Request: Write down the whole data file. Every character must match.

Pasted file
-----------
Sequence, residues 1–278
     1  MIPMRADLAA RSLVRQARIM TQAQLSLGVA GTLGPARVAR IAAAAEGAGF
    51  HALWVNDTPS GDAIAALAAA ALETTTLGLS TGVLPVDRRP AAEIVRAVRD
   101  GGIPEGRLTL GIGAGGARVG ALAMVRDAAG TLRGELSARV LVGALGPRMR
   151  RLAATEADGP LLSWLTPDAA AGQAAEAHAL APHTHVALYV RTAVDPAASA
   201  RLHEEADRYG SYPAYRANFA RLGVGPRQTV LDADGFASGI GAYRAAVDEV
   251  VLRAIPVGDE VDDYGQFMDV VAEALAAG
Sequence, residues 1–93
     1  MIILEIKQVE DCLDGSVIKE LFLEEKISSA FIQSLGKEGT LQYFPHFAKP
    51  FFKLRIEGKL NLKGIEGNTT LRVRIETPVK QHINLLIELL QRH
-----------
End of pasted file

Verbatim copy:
Sequence, residues 1–278
     1  MIPMRADLAA RSLVRQARIM TQAQLSLGVA GTLGPARVAR IAAAAEGAGF
    51  HALWVNDTPS GDAIAALAAA ALETTTLGLS TGVLPVDRRP AAEIVRAVRD
   101  GGIPEGRLTL GIGAGGARVG ALAMVRDAAG TLRGELSARV LVGALGPRMR
   151  RLAATEADGP LLSWLTPDAA AGQAAEAHAL APHTHVALYV RTAVDPAASA
   201  RLHEEADRYG SYPAYRANFA RLGVGPRQTV LDADGFASGI GAYRAAVDEV
   251  VLRAIPVGDE VDDYGQFMDV VAEALAAG
Sequence, residues 1–93
     1  MIILEIKQVE DCLDGSVIKE LFLEEKISSA FIQSLGKEGT LQYFPHFAKP
    51  FFKLRIEGKL NLKGIEGNTT LRVRIETPVK QHINLLIELL QRH